Conoco has become the first European user of a standardised offshore platform design that promises to make smaller, once uneconomic North Sea gas fields viable.
Last week, the company launched an adaptation of the Sea Harvester minimum facilities type platform, originally produced by US firm Atlantia for the Gulf of Mexico, for use in the 165 billion cu ft Boulton field off the Lincolnshire coast.
Design modifications were carried out by Lowestoft-based debrecht-SLP Engineering, according to a concept safety case and separate structural package presented to Lloyds Register by SLP.
SLP first looked into licensing Sea Harvester for the North Sea three years ago, according to Paul Thomson, its project manager.
`Several factors impressed us about the basic concept,’ he says. `The structural configuration is very efficient against wave loading because of the platform’s four slender columns above the waterline.’
Another important issue was the speed with which Sea Harvesters can be built. `Before Boulton, my most recent experience had been on a project in which we took two topsides and two jackets to loadout, fully completed and commissioned on-shore, in 16 months. At the time, we thought it was a world record; Boulton has been designed, built and commissioned in 10 months. There are variables, but we feel confident that we can repeat the schedule,’ says Thomson.
The platform cost 45% less than the company’s previous platform for the nearby Ganymede field, lifting Boulton from a marginal to a viable project.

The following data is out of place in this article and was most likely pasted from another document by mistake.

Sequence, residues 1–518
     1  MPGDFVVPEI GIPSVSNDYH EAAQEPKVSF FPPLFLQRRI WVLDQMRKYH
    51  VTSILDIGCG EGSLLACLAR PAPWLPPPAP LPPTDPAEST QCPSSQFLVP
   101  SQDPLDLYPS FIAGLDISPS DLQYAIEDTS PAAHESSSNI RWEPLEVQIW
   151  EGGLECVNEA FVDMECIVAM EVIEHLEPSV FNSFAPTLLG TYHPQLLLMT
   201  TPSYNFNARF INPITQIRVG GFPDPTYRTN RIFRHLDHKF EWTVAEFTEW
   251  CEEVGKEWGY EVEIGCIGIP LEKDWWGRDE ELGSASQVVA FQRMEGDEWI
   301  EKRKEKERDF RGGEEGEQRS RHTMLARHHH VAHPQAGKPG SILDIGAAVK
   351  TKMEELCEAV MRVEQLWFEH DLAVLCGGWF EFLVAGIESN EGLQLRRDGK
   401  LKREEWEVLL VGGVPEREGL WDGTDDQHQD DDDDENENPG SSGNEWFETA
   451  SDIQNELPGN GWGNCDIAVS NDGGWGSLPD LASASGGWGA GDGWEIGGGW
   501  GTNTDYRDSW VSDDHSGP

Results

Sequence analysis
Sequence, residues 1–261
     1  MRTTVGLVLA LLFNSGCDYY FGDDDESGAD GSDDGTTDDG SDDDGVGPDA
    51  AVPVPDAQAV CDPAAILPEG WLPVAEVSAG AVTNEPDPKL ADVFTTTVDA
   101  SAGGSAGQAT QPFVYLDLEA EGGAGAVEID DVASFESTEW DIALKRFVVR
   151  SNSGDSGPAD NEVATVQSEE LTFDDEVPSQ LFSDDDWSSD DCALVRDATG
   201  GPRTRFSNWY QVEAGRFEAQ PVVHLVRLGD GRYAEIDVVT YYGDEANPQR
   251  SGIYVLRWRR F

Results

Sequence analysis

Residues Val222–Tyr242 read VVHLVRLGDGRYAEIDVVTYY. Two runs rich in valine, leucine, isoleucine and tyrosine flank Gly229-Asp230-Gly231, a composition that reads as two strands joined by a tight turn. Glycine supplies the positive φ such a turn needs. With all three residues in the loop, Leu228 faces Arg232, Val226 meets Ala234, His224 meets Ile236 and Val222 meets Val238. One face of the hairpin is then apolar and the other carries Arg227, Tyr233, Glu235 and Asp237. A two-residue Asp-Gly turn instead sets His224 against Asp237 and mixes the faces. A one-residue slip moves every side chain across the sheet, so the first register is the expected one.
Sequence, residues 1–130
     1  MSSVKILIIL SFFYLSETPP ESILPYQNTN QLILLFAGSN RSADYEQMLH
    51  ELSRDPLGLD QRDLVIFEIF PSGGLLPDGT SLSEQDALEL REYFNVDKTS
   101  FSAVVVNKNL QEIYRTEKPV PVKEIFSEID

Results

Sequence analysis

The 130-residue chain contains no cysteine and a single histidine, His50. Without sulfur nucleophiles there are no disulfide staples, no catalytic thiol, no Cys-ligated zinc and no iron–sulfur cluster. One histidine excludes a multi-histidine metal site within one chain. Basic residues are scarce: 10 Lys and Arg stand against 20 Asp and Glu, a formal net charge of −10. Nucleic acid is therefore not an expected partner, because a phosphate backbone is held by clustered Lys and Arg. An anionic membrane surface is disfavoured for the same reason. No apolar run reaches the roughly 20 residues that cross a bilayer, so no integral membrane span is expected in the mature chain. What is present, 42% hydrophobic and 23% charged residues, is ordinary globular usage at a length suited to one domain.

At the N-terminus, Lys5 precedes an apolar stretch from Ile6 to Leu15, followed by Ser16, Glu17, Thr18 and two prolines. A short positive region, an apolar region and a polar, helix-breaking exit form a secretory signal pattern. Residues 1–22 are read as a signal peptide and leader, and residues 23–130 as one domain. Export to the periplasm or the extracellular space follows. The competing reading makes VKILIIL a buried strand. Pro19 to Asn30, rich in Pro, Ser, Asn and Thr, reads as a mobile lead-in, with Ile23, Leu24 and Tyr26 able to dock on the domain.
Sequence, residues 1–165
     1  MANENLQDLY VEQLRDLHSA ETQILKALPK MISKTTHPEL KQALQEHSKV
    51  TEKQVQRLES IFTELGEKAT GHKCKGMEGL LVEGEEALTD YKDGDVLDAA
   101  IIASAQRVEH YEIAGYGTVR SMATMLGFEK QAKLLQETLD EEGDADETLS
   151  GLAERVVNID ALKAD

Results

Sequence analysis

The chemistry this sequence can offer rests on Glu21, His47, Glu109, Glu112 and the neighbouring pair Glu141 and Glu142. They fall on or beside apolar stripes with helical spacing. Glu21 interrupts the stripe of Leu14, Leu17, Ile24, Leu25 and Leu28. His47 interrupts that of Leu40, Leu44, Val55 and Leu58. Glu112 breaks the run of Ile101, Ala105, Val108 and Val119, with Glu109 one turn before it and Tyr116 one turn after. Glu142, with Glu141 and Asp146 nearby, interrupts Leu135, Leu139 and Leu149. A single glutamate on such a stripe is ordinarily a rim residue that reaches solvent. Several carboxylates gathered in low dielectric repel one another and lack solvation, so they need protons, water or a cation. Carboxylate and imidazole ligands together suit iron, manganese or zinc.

The main modifications for North Sea use involved ship impact requirements, fatigue life and the base structure.
`I do not think they pay as much attention to ship impact in the Gulf of Mexico because they have boat landings designed into platforms, which we don’t. We have designed Boulton for impact from a 3,700tonne supply ship arriving at about 2m/s,’ says Thomson.
`Also, we have worked towards a 200-year fatigue life, effectively negating much of the need for inspection.
`Finally, to deal with the more rugged North Sea environment we have thickened some of the members in the substructure.’
The long lifespan will reduce maintenance and could allow the platform to be moved and reused in fields of similar water depth.
Boulton was built at Lowestoft under an engineering, procurement, installation and construction contract, which also covers hook-up, offshore commissioning and handover.
The platform will not usually be manned, but controlled via communication links to the Theddlethorpe Gas Terminal. Two wells will be sunk through the columns, with the first due to go live in October, and the second in April 1998. Conoco is partnered at Boulton by Lasmo North Sea and British-Borneo Oil & Gas.